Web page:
Now admittedly it’s limited to people with the time, access, money. So it’s a sort of small set of “everyone,” but let’s call it “everyone enough for the sake of argument.” Because we’ll get to the arguments.
I don’t think it’s an exaggeration to say the (relative) openness of the internet has changed the world culture, and the US in specific. I doubt we wouldn’t have seen as much advancement of gay rights without the leveraging of the internet for combination, awareness, and humanization. Awareness of Ferguson and issues of racism wouldn’t be as prominent without it being broadcast across twitter.
The internet has an almost norming effect. People can set up space, have conversations, make blog posts. They can engage with people by elements of choice or with certain selectivity (even if they oft forget to). There’s always an outpost you can hopefully find.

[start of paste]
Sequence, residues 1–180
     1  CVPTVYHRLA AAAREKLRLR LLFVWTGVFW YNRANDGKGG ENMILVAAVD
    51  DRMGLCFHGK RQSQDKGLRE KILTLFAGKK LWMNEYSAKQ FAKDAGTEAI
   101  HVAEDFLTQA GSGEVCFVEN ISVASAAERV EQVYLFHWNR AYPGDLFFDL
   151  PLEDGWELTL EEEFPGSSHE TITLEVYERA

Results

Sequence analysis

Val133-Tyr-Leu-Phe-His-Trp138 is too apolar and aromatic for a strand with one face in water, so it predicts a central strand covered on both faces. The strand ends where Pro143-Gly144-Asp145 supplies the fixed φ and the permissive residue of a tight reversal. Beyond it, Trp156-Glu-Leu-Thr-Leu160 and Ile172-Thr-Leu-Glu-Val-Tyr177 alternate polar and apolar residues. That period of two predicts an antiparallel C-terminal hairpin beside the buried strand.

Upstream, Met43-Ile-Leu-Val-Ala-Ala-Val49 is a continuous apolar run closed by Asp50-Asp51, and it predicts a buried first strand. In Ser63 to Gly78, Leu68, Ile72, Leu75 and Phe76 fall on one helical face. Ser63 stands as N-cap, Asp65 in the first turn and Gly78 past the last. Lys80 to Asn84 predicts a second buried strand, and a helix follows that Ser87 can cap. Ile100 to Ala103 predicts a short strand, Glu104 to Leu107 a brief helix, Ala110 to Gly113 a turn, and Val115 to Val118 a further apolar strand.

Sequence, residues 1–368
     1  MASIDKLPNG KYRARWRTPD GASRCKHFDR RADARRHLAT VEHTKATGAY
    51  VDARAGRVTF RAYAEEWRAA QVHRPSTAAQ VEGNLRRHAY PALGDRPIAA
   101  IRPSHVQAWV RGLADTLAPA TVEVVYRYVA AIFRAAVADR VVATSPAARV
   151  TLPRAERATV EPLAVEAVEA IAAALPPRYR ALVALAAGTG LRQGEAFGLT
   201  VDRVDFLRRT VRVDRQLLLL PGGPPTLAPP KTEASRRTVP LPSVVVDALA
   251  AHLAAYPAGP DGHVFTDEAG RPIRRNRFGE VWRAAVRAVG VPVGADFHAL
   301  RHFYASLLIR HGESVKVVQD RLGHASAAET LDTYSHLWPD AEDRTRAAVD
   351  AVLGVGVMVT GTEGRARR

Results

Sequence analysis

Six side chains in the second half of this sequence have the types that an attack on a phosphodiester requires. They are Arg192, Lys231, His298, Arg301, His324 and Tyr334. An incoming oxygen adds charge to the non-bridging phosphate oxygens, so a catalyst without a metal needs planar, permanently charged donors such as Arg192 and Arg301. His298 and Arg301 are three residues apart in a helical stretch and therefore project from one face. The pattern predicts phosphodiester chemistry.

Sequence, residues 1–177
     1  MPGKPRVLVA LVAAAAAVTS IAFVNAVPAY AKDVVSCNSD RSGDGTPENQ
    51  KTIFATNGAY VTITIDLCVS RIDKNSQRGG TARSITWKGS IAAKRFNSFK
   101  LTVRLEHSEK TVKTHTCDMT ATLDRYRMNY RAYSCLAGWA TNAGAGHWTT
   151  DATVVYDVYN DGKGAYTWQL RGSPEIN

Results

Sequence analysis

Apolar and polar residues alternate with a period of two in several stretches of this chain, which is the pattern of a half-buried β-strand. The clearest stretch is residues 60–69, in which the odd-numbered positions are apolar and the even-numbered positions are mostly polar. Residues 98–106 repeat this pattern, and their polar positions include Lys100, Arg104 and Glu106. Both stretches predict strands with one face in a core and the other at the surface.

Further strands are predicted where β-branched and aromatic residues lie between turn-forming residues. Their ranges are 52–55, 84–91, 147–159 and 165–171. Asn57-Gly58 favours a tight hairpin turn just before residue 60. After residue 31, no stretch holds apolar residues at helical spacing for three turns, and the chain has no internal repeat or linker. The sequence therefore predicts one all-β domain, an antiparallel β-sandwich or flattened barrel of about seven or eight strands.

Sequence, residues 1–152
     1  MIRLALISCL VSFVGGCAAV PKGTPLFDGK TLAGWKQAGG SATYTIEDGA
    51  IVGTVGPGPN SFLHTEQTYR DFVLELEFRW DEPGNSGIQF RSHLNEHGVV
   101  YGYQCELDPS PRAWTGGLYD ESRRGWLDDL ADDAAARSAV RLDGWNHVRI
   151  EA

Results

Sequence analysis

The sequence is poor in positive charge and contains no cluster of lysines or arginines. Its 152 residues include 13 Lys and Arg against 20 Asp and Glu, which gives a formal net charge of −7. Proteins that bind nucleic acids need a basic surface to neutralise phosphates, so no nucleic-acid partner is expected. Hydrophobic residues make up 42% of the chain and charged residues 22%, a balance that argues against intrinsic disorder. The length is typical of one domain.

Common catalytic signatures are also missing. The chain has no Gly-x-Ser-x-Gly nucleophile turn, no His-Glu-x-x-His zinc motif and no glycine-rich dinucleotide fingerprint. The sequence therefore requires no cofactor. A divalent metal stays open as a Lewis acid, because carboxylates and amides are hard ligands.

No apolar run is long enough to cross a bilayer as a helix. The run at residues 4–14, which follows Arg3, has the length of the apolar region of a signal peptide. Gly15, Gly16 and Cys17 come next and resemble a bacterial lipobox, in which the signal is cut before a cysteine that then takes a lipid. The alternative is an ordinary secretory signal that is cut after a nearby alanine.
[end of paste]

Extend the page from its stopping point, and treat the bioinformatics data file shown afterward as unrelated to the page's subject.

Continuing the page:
Which is great.
Except when these communities and groups collide. Which they do with alarming frequency.
Many Selves With Less Options
I’m an old geek, and I’ve seen many cases where the internet explodes in conflicts. Fan wars. People shocked at pornography (still, really). Sites and communities battling over how to define their group, or fandom, or . . . something.
You’d think people would just sort of figure out of sight (and out of site), out of mind. The fact that there are gay chess players really isn’t something you should loose sleep over, unless your problem is “I’m dateless how do I meet them?”
That’s because the infinite space of the internet doesn’t mean we’re separate. We’re human, we need to interact with others, we’re not communities of one. We can find people easily, we can select among the infinite communities and options – and it means some folks are going to run into people very much Not Like Them. It’s almost too easy.